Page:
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075 31 March 2015

RSIS Commentary is a platform to provide timely and, where appropriate, policy-relevant commentary and analysis of topical
issues and contemporary developments. The views of the authors are their own and do not represent the official position of the
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Prevention of Terrorism:
Relevance of POTA in Malaysia
By Bilveer Singh

Malaysias introduction of the Prevention of Terrorism Act (POTA) has aroused controversy. The use
of such preventive detention is justified.
Malaysia has introduced the Prevention of Terrorism Act (POTA) to deal with the growing threat of the
transnational Islamic State and other forms of terrorism. The move is rooted in the Internal Security
Act (ISA) and its predecessors that were enacted to counter the communist insurgency in Malaya,
then Malaysia from 1948 to 1989.
Since the end of the communist insurgency in Malaysia there have been calls for the repeal of these
draconian laws. Two grounds have been put forward. First, the threat by communism is over and
second, it has been abused by authorities to detain political opponents.
Repealing ISA; enacting POTA
While Malaysia decided to repeal the ISA, Singapore defended the continued need for these laws to
counter the continued threat posed by terrorism.
In 2012, Malaysia repealed the Emergency Ordinance and the ISA. A new preventive detention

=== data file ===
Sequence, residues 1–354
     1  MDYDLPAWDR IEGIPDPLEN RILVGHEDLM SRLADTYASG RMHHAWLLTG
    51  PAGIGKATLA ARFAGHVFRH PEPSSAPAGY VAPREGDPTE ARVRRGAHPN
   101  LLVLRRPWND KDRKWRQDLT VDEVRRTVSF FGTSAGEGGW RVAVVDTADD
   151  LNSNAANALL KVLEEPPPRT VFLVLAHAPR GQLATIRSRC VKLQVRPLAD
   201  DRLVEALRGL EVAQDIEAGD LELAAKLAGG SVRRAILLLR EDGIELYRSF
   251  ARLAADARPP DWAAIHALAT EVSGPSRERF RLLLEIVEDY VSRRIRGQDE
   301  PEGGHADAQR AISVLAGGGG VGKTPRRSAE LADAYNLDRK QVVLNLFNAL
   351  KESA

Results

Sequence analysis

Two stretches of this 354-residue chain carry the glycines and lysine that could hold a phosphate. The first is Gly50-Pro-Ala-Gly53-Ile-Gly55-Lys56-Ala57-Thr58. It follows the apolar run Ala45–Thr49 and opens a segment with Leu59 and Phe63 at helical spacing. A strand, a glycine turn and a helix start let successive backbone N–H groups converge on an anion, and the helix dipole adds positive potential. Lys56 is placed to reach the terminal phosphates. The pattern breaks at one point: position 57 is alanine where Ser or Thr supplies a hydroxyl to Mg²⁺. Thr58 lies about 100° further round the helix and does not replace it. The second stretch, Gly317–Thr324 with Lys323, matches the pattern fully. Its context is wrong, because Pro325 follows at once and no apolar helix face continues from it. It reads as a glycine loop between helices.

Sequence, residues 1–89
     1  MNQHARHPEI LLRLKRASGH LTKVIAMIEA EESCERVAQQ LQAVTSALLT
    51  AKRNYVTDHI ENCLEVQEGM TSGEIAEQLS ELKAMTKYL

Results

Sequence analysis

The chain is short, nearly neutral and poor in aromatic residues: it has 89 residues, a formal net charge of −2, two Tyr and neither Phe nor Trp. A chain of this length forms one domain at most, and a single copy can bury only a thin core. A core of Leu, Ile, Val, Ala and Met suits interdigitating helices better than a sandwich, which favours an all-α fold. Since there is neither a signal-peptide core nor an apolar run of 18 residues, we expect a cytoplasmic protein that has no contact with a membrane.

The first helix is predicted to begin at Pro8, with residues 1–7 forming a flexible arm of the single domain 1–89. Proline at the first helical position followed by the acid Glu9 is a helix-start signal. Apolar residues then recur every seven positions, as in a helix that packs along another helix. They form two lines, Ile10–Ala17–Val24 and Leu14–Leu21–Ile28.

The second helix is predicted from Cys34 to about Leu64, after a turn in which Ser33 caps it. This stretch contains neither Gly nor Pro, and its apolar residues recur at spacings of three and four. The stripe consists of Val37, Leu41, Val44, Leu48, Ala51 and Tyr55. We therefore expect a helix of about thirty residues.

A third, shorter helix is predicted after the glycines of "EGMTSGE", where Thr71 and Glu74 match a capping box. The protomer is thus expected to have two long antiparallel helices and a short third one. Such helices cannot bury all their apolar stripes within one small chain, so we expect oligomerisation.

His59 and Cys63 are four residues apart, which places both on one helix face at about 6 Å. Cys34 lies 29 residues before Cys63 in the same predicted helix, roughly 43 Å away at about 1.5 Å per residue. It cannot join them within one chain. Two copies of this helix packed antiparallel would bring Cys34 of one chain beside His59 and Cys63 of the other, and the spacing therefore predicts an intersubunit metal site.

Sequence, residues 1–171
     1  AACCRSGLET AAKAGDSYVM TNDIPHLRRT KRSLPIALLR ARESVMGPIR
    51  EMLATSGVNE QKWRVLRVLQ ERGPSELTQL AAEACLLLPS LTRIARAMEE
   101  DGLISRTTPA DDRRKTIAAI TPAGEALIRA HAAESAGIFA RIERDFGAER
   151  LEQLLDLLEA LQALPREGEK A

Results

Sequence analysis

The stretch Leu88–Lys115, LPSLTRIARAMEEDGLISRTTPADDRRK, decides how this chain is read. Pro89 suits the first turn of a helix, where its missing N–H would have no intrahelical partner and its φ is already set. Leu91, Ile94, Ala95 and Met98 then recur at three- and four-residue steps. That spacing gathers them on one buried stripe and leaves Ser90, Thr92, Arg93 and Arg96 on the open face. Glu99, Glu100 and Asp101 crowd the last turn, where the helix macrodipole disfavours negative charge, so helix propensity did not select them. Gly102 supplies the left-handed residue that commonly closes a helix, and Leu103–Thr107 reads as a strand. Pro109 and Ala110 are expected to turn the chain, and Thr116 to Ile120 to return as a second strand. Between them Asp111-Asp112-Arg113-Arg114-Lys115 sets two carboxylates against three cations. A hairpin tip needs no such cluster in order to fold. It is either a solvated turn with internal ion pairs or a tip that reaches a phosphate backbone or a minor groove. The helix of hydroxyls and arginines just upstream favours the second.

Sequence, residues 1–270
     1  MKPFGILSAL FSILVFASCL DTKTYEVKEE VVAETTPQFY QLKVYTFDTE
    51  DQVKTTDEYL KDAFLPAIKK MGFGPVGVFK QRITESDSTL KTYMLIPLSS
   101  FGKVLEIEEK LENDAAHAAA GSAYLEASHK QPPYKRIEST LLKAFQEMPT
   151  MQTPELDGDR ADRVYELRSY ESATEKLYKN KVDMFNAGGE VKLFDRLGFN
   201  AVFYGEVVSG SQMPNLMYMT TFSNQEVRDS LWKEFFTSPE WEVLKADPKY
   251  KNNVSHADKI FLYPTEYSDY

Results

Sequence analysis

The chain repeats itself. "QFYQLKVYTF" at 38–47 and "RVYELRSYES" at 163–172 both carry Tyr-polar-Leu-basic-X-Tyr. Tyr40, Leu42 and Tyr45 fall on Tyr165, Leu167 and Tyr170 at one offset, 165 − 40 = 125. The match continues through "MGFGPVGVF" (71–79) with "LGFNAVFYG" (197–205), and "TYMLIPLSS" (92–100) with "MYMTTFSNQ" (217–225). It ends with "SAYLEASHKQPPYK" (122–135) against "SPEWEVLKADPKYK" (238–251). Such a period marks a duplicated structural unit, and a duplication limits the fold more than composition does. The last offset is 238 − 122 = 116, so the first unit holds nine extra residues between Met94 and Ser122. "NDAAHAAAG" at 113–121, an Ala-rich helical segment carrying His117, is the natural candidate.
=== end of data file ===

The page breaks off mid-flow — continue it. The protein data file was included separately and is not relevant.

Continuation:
mechanism replaced it, the Security Offences (Special Measures) Act 2012 (SOSMA) which took
effect in July 2012. However, SOSMA has proved to be a weak instrument, leading to pressures for a
new ISA-type law to be instituted. The POTA is seen as a substitute in view of the rising security
threat confronting Malaysia.
Following the passage of the White Paper on Towards Combating the Threat of Islamic State on 26
November 2014 in Parliament, the government promised to enact a new law to effect the concerns in
the White Paper. The new law, Prevention of Terrorism Act (POTA) was tabled in the current seating
of Parliament.
The key provisions of the new law include: detaining suspected terrorists for up to two years with a

possibility of a further two years extension; electronic monitoring device being attached to the
detainee; and the administration of various preventive measures to deradicalise suspects. POTA is to
be administered by the Terrorism Prevention Board and not by the Executive.
While there were grounds to repeal the ISA in 2012, by 2015 it became apparent that new preventive
detention laws were necessary. A key factor was the severity of the threat posed by supporters of
Islamic State in Malaysia, involving some 200 Malaysians who were already fighting in Iraq and Syria.
Some have died as suicide bombers and others in combat. The flow of recruits is also continuing.
Pros and cons of POTA
There is public and political support for the governments move. The new law is not linked to the ISA
and politics as it only targets terrorism offences. It is to be administered by a body of judicial experts.